There are many books available debunking today’s cause célèbre of human-induced climate change – also known as ‘man-made global warming’, but one of the most approachable and enjoyable to read is this collection of essays and articles by Dr. Gerrit van der Lingen. Dr. van der Lingen’s arguments slice through the nonsense like a scythe, exposing it for what it is: the biggest, most expensive pseudo-scientific scam in history. Anyone who wants to know how and why a supposedly scientific debate morphed into a political movement motivated by a smorgasbord of agendas should read this book.
Joe Fone, Christchurch, New Zealand
Author of ‘Climate Change: Natural or Manmade?’

From: The Fable of a Stable Climate, by Gerrit van der Lingen

Introduction

“The improver of natural knowledge absolutely refuses to acknowledge authority, as such. For him, scepticism is the highest of duties; blind faith the one unpardonable sin.”

Thomas Henry Huxley.

I used the title of this book, “The fable of a stable climate”, for the first time in 2007 as the title for a lecture (see Chapter Six). The idea came from a letter to the editor of the Christchurch newspaper The Press by a woman who wrote that people were entitled to a stable climate. Being a geologist I found this an absurd statement, as the climate has not been stable since the origin of our planet. I can best illustrate this with two graphs. The first is a simplified graph, showing major climate variations over the past 3,8 billion years (Figure 1).

The Intergovernmental Panel on Climate Change (IPCC), in their first Scientific Assessment Report of 1990, published three graphs of climate change variations at different time scales, up to one million years (Figure 2).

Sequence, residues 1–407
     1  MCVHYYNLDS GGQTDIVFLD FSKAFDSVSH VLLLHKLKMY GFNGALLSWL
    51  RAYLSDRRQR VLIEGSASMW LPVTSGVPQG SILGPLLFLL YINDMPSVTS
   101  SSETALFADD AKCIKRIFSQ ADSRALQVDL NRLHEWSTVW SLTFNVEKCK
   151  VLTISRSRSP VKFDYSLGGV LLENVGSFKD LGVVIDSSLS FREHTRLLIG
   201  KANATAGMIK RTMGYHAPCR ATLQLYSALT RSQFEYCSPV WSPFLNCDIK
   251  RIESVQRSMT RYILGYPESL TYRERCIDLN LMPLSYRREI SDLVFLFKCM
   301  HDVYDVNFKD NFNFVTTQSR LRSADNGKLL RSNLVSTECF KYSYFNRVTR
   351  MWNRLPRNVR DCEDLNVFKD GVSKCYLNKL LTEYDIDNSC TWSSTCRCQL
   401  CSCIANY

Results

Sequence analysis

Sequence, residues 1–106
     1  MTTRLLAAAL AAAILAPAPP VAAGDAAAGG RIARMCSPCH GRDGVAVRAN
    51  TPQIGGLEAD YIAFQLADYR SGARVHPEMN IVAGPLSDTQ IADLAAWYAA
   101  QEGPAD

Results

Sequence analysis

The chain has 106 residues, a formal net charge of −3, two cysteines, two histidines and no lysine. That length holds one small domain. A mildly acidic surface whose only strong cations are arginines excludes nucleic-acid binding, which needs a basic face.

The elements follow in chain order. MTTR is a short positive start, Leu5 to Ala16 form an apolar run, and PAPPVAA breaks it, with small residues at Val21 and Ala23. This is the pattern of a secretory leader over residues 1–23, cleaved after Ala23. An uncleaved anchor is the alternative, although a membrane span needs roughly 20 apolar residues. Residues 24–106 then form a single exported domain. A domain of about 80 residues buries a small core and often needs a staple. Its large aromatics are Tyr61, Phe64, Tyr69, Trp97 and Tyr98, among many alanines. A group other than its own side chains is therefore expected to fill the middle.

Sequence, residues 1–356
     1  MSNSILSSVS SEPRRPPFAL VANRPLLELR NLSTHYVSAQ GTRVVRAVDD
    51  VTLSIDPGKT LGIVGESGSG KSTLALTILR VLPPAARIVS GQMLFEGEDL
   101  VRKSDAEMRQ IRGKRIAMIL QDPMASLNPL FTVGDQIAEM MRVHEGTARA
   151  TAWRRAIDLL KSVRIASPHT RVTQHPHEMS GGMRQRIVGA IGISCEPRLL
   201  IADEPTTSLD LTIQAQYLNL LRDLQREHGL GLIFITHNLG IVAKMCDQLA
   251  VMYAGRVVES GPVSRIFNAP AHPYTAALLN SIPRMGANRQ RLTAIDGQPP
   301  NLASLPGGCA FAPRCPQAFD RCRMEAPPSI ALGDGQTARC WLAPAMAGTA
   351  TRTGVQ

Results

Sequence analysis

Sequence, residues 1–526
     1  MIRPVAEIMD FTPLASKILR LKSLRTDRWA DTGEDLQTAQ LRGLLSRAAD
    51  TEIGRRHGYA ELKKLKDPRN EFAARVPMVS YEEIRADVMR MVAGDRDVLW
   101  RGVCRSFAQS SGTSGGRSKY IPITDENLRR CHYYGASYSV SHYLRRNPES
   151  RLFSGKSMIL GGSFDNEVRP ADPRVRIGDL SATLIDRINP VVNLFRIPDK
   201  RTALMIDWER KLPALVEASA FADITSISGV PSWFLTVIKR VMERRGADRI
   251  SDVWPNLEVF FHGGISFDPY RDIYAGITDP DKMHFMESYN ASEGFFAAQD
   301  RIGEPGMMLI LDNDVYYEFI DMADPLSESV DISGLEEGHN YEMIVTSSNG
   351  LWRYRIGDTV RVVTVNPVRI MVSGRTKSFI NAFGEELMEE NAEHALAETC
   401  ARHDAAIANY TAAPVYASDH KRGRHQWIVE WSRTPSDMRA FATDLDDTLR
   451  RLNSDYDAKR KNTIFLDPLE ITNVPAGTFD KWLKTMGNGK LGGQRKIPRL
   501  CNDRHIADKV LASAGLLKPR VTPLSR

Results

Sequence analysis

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Figure 1. Simplified graph of climate change over the past 3.8 billion years. The planet had five major ice age periods during that time (numbered 1 to 5). Please note that it was quite warm during the Mesozoic period, the time of the Dinosaurs. Adopted after Harry N.A. Priem: “Climate change: the human influence analysed” (2000 lecture at the meeting of the European Council of Skeptical Organisations).

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Figure 2. Schematic diagrams of global temperature variations since the Pleistocene on three time scales: (a) the last million years, (b) the last ten thousand years and (c) the last thousand years. The dotted line nominally represents condition near the beginning of the twentieth century. Source: IPCC First Scientific Assessment Report, 1990.

Our own research of a sediment core from the Tasman Sea, west of the South Island of New Zealand, produced a temperature graph showing variations over 300 thousand years (Figure 3).

Numbers 2,3,4 and 6 in Figure 3 indicate ice ages, numbers 5 and 7 are Interglacials. We are now in an Interglacial.

But it was not only the writer of the letter to the editor who assumed that a stable climate is the norm. Many man-made global warming activists have stated that we have to “stabilise the climate”. It should be clear from Figures 1 to 3 that a stable climate is a fable.